I have been impressed with the amount of cucumbers a couple of Air-Pot containers can produce. Enough to eat loads in salads, make endless gazpacho soup and also pickle in vinegar.
Previously I have bought the very expensive F1 hybrid seeds and put one plant in a 20 litre Air-Pot. Sometimes several flushes of beautiful cucumbers result, but if the one or two precious plants succumb to some ailment all is lost.
This year I sowed lots of cheap Polish ridge type cucumber seed and planted three in a pot. They are in the greenhouse scrambling up a trellis and seem more robust than the thin skinned all-female English types. Admittedly they are small (about 15cm) and are a bit prickly but the yield is huge and staggered, and the prickles rub off easily. Some plants are probably not as productive as others but that does not matter when there are several plants in a pot. So lots in a pot will be my method in the future.
The yield has been good from an Air-Pot potato tower that has been on the patio after an early start in the greenhouse. Rather than open it early and risk a lot of the tubers still being very small it has been left until well into July. Three Casablanca tubers planted in a pot have produced 3.5 kg which is more than I get per plant when grown in the ground. Three plants at the plot would generally produce 3 kg & take up an area about 1 metre square, whereas the potato tower has only a 42cm diameter. So with four potato towers fitting into one square metre small spaces can be very productive. The key to success has been plenty of water.
From the early season to this point in high summer there has been a lot of potting-on and this post is about filling Air-Pot containers, together with some observations and tips based on my experience of using them.
Once the pots are properly assembled, ideally the right way up and not inside out, it is time to fill with compost / potting mix. Something water retentive that is not too free draining is good. It is very important to pack the growing medium into the container firmly, without leaving pockets of loose soil or voids. This is so water does not find quick routes to gush out of holes before it can be absorbed. Also the best development of air-pruned outward pointing roots can only be achieved if soil is filling the cones.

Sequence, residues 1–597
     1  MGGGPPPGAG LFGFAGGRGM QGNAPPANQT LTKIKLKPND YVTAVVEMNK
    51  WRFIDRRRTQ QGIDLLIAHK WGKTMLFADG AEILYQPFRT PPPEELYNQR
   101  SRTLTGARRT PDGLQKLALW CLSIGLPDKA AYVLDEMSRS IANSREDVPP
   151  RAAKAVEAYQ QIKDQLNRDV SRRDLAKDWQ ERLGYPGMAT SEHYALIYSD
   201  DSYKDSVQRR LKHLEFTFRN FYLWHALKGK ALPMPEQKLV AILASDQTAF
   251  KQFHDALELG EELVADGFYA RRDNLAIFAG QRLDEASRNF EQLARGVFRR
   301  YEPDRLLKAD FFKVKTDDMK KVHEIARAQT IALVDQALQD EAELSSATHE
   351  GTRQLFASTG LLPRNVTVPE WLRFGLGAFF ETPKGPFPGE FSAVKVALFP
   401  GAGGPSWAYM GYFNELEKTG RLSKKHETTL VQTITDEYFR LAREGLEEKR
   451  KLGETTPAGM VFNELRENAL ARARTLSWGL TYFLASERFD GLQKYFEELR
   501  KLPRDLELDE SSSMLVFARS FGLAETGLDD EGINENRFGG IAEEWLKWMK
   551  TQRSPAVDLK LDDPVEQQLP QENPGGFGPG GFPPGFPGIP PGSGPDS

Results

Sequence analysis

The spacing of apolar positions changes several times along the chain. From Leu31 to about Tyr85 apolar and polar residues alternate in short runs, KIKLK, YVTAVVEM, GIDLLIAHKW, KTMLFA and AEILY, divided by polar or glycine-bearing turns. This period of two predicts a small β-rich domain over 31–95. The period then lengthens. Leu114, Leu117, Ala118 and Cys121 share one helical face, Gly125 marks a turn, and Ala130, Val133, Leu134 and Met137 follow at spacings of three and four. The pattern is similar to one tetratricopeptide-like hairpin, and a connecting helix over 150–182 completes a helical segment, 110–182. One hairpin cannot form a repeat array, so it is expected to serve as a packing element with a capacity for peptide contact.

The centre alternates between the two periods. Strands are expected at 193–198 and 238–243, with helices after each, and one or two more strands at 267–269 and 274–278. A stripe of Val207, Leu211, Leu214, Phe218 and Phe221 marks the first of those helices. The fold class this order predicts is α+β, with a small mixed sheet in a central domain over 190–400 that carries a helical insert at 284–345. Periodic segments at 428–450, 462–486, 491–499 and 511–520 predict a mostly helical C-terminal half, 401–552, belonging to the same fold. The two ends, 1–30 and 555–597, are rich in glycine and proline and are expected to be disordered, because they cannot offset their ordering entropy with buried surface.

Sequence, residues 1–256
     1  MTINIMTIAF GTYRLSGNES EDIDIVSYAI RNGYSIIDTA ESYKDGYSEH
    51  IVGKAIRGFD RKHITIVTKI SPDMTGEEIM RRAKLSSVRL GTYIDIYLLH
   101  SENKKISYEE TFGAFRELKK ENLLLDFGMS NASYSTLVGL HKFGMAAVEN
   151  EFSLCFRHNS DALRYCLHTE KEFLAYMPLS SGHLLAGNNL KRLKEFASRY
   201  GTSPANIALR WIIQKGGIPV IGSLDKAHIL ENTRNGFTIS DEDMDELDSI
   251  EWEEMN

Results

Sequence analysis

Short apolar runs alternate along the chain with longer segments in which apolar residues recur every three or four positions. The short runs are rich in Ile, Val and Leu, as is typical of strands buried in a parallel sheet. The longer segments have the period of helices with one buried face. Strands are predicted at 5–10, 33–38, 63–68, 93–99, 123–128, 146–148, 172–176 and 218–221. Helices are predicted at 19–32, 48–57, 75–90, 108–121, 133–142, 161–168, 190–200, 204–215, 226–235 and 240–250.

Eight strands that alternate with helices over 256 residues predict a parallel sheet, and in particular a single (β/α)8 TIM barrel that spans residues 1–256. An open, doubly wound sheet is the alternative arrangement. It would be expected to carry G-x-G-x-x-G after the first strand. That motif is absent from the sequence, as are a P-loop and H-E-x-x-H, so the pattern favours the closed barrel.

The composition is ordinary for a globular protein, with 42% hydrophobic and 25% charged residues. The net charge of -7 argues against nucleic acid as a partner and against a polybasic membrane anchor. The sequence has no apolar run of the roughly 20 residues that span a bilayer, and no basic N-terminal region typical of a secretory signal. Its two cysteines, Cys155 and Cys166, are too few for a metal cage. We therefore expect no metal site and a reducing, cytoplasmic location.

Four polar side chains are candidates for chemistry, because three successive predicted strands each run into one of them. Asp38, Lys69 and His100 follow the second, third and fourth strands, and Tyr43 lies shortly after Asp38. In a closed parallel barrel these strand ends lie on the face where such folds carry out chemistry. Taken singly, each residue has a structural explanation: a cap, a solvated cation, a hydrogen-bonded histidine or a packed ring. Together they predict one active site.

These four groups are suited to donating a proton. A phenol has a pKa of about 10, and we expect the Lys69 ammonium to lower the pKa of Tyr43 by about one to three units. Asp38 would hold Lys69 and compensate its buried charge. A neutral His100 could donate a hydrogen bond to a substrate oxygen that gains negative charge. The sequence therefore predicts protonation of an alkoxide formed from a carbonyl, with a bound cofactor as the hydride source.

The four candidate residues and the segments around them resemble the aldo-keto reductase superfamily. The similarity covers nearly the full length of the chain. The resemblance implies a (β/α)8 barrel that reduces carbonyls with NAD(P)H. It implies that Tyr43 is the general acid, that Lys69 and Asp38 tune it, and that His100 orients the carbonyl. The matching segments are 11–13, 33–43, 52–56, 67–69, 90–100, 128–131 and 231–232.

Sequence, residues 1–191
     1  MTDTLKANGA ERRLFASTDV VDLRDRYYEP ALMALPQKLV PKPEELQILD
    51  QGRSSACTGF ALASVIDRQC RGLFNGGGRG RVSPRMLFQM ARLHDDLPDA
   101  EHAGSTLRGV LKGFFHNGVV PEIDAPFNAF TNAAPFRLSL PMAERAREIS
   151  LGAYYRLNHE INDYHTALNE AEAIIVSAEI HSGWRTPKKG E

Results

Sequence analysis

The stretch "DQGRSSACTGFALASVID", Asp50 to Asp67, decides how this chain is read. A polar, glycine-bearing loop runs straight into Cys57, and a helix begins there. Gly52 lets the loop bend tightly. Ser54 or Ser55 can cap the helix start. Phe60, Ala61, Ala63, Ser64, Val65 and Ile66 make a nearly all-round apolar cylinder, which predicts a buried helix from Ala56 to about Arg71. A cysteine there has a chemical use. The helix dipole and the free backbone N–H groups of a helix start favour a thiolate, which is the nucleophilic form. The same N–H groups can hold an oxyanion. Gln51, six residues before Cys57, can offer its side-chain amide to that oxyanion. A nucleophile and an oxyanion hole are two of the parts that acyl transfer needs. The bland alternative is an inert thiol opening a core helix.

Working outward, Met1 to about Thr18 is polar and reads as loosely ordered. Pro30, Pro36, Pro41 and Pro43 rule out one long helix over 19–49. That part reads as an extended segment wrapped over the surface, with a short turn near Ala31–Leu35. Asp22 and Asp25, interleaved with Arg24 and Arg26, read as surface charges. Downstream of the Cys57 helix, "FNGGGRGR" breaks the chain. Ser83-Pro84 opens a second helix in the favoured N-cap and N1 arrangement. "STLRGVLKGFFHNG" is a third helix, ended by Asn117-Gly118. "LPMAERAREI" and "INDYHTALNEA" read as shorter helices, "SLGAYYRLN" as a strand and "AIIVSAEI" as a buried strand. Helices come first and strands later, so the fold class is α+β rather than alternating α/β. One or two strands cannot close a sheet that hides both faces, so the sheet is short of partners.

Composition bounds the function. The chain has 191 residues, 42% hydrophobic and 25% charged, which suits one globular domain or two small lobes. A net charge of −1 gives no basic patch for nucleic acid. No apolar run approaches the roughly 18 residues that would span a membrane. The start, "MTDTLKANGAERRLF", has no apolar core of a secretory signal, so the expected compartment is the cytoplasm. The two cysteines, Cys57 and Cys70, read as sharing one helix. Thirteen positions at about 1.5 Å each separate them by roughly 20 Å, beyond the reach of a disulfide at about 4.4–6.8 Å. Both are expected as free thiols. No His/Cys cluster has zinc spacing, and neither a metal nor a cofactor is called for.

I have found the small 1 litre prop pots are particularly easy to under fill, perhaps because there is simply less weight of compost to compress downwards. I have often lifted a small pot to see large voids, sometimes with a slug in there leering out at me.
So now I use a round ended trowel to jab downwards and outwards. Initially loosely fill the pot about half way. The trowel can be used to jab down onto the base and into the corners. Then using the back of the trowel sideways press soil into the cones. Then the pot is filled right to the top, tamped down and the trowel again used to press soil sideways.
If you are moving a small plant into a larger container the initial partial fill and poking with the trowel is still the way to pack earth well into the bottom of the pot. After setting the small rootball in place the space around is filled and again well tamped down,; this can be done by lifting and dropping a short distance onto a solid surface, and the trowel used to work soil into space and cones. Finally I work around the very top pressing down the earth with thumbs to make sure water cannot easily sneak down through loose earth at the outside edge to a hole.
I find it helpful to insert a strip of capillary matting up through the base to act as a wick, especially in small pots which might be packed onto a large tray. This just means water can be absorbed from below if necessary. This is not how Air-Pot containers are designed to be used but together with top watering I find it works well in my grow tent and greenhouse for annuals, like tomatoes and chillies.